The numerals “893” were scratched into the coin’s surface at some point in its history. Kelly, Oliver, and Dannreuther think they refer to the coin’s fineness, while Doug Winter, an expert on early U.S. gold coinage, disagrees. In a phone interview conducted on January 14 of this year, Winter said that he has “never heard a good explanation as to what those numerals stand for.”
The “primary” example of the coin remains sealed in the cornerstone of the second San Francisco Mint along with a number of other rarities.
The 1870-S $3 gold coin passed through the hands of a number of prominent numismatists after it surfaced. William H. Woodin bought the coin from Van Camp in 1907. In 1911, it was sold from Woodin’s collection. Waldo Newcomer purchased the coin and placed it in his legendary collection. Colonel E.H.R. Green owned the coin from 1931 to 1936. Two prominent coin dealers, B. Max Mehl and Abe Kosoff, both handled the coin. In December 1945, dealers Ted and Carl Brandts published a full-page ad in the Numismatist offering the coin, calling it “the only coin listed as Unique in the Standard Catalogue of United States Coins“. Louis Eliasberg, a famous New York numismatist, bought the coin in 1946 and it remained in his collection for nearly four decades. Harry W. Bass Jr. bought the coin in 1982 for $687,500 from Bowers and Ruddy’s Eliasberg Sale. The latter portions of its long, star-studded provenance earned it the nickname “Eliasberg-Bass Specimen”. Since 2000, the Eliasberg-Bass Specimen has been on display at the American Numismatic Association’s Edward C. Rochette Money Museum in the Harry W. Bass Jr. Collection, part of the only complete collection of U.S. $3 gold coins.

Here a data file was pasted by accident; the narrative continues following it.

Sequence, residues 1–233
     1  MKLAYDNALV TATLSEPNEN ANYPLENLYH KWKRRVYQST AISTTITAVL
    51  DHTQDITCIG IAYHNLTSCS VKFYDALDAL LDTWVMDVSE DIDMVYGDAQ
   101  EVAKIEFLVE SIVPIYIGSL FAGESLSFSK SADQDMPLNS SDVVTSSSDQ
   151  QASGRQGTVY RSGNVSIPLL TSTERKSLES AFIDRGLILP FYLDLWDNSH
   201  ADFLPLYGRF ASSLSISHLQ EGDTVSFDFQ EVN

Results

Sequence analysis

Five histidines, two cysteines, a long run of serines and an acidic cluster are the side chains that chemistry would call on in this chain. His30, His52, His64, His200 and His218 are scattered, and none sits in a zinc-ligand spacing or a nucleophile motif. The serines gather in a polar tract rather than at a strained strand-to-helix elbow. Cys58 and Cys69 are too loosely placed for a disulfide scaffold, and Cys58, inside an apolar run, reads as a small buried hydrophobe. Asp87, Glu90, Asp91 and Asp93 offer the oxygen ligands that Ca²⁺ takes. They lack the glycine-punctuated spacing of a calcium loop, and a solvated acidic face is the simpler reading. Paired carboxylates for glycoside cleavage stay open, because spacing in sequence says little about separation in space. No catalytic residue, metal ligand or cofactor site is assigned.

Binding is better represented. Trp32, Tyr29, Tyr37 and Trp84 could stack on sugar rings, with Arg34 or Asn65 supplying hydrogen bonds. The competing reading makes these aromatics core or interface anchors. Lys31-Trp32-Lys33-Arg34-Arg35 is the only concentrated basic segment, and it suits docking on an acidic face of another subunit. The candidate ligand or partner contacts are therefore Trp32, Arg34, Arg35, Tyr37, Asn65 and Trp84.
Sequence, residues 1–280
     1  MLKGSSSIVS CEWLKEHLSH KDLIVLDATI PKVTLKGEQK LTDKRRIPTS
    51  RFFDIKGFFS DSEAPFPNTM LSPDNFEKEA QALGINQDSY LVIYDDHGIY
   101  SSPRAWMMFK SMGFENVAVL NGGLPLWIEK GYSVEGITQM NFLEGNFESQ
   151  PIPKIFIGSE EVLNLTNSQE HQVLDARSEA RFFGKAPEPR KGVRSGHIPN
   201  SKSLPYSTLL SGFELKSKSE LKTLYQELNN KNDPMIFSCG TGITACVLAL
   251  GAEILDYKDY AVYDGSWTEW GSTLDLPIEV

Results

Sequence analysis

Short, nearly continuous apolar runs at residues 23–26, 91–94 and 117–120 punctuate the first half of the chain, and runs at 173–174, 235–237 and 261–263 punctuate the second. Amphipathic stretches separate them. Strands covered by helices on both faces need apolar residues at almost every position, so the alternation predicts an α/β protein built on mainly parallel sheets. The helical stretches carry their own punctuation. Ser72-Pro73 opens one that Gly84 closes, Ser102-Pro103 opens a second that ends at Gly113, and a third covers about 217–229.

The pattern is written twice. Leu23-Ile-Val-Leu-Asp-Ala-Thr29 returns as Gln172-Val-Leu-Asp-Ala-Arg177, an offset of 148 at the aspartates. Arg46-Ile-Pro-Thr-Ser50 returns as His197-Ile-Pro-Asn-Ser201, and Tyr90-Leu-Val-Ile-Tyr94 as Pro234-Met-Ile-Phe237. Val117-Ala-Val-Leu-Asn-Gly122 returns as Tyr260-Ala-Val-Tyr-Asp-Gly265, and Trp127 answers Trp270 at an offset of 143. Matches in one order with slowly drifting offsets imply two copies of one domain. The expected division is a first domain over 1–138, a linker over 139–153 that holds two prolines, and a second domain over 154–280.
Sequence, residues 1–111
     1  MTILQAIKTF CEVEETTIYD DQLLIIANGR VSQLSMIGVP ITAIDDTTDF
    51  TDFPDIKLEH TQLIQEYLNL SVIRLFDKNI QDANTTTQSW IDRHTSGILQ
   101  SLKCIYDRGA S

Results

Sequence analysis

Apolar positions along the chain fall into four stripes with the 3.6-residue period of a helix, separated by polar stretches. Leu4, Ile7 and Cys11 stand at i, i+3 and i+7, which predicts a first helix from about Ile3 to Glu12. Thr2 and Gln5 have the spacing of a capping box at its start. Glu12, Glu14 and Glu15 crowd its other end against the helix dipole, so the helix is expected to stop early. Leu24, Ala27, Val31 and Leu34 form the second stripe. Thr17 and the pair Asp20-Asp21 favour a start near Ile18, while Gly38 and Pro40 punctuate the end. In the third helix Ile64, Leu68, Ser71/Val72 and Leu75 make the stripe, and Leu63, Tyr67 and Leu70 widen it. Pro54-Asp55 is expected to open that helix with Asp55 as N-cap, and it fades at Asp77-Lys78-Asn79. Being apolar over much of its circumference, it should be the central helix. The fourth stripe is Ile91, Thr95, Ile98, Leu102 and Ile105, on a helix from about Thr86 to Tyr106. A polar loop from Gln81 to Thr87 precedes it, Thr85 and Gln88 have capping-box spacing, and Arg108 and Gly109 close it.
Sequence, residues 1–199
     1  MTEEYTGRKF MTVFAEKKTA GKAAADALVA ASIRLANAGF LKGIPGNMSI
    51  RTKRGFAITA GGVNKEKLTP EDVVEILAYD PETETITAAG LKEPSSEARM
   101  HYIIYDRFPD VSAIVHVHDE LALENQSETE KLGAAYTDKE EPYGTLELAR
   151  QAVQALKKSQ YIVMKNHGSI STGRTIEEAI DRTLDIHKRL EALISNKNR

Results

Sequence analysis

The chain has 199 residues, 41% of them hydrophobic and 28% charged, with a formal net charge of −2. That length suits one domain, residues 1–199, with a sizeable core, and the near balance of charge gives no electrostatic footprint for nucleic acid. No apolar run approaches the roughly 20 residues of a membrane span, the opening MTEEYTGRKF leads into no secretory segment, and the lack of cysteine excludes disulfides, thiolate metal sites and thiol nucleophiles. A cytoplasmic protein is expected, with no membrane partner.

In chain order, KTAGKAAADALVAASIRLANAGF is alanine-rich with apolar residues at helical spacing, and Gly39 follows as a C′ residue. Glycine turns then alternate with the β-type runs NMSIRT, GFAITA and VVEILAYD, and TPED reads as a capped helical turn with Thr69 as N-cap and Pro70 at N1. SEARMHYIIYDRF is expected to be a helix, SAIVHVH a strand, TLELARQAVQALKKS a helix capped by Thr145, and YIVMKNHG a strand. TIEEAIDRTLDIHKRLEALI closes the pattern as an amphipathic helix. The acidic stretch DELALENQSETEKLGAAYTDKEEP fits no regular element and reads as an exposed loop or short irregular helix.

As for condition, the coin exhibits detail consistent with a grade of Extremely Fine. Many observers point to its “pebbled” appearance as evidence of it being used in jewelry. The Harry Bass Jr. Foundation’s website describes the obverse and reverse:
Obverse: Die scratch from denticle above O(F) to (O)F. Reused for Proofs of 1874 and 1875. Very lightly hubbed; tops only of J.B.L. visible, portion of front of headdress missing (distinctive). No ‘Ghosting’. Reverse: Open 3. Date very low, barely above ribbon loop; level relative to DOLLARS. All characters firmly punched and distinct. Left interior leaf opposite date is a thin, broken remnant with minuscule base at junction with wreath leaf below. Right interior leaf is thin. Lower one-third of left bow loop and center space filled. Right loop clear with but a stub of vertical ribbon element within, and none projecting into field from top of right loop.